Dearest Rachel –
Today’s sermon was about being friends with Jesus, using John the Baptist as an example. Interestingly, the main passage centered on the point when John was beginning to doubt as to whether Jesus was Who He said He was, even going so far as to send his own disciples to ask Him, “Are You the One… or should we look for another?”
To be sure, a spell in prison (and the likely possibility of execution) can do that to anyone: no one wants to believe that, at the potential end of their life, that they were following a lie all this time. And yet, after Jesus responds to the question, and sends John’s disciples on their way, He addresses the assembled crowd about John, and how they did not see in him “a reed shaken in the wind.” And the main focus of the sermon seemed to be about how not to be that reed, either.
Basically, in order to be a true friend of Jesus, one must not be swayed by popular opinion, or image, or the need for attention. But I have to confess, my mind was drawn to the opening images, as Pastor Scott described the type of friends people have (including Jesus, as he was a person, after all).
Basically, the hierarchy of friendship is a pyramidal structure, since those closer friends still presumably retain all the characteristics of the lower tiers. It’s not as if a capstone is going to float in midair, after all.
We start with acquaintances, which are not just those people who you meet along the way; these are folks that you take the trouble to at least remember their names, and vice versa. Of course, this means I find myself shoring up the edges of this platform constantly, as I keep losing track of names and faces from time to time. And yes, it is a platform; it’s a fairly broad layer of people – at least, for me. It’s probably thanks to belonging to such an extensive community as our church that there are so many upon which we try to build deeper friendships, but rarely have the time and energy (or even the desire) to cultivate too many of these acquaintances into something more.
Especially since casual friends tend to share common interests and activities, and so many of our acquaintances… really don’t, as a general rules. Our tastes were always so eclectic that it was difficult to find anyone who overlapped with a significant number of them. We might be able to find people with some shared concerns (in fact, I suppose one’s workmates could qualify in the best of times and circumstances), but finding friends that shared everything we enjoyed had to dismissed as all but impossible. It’s part of why I was keeping my eyes open at AnimeIowa, only to discover that, even if I could make such a connection, it couldn’t go any further than this level.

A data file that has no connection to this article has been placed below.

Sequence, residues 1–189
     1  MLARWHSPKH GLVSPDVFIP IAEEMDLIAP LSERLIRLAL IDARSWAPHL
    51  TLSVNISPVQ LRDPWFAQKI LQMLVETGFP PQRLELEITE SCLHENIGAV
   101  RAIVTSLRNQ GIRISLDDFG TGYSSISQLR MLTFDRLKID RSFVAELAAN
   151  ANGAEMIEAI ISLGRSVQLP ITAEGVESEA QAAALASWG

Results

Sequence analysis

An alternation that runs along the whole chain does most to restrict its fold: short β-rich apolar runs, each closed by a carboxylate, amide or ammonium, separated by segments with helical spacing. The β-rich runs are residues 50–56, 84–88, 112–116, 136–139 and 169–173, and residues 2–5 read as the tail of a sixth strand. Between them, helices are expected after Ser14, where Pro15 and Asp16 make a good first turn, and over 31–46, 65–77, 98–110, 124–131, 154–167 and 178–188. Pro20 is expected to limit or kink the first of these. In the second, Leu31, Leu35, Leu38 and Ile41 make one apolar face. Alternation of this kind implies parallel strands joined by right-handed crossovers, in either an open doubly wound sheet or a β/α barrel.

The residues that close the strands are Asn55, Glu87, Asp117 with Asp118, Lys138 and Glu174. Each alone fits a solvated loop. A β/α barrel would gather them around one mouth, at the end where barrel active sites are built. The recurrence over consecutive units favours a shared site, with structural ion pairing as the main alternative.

Because to get to the next stage requires a certain commonality in values; a state of being on the same page spiritually. I still remember one of the group of writers we hung out with in Iowa asking how the two of us managed to balance our faith and our fandom; he saw them as almost mutually exclusive (and considering that his wife wanted nothing to do with any of it, I could see why). Maybe it’s because we weren’t always applying ‘positive peer pressure’ on each other, but were rather ‘partners in crime’ occasionally. But at least we were still in alignment with each other on these things.
Still, we could have those hard conversations with each other when the situation warranted it. We were as close to each other as two people could be, even if we couldn’t necessarily read each other’s minds, like I’ve heard other married couples are supposedly able to do. We made it to the pinnacle, honey.
And then, the pillar that represented your friendship came crashing down.
And I’m left standing on the platform, looking up at the few remaining smaller plinths, wondering when they will follow suit. I never had many good friends, honey, and the few that remain were only brought into my orbit through you. The smaller towers that represent them stood through the force of their connection to you. Now that you’re gone, and the things that held them to me no longer does, I’m worried that they, too, will soon fall, leaving me amidst the ruins of what once passed for a pyramid.
Of course, I suppose the way to prevent the loss of friends (and to make more along the way), is to be more of a friend to others. A worthy goal, but one that might well be more of a challenge than it was for you. I’ll go into that in more detail later, but for now, there remains a question I need to ask myself:
Granted, it’s a good question for any of us, I suppose, but the truly tantalizing part is that it has no black-and-white, yes-or-no answer.
So wish me luck, honey. I’m going to need it.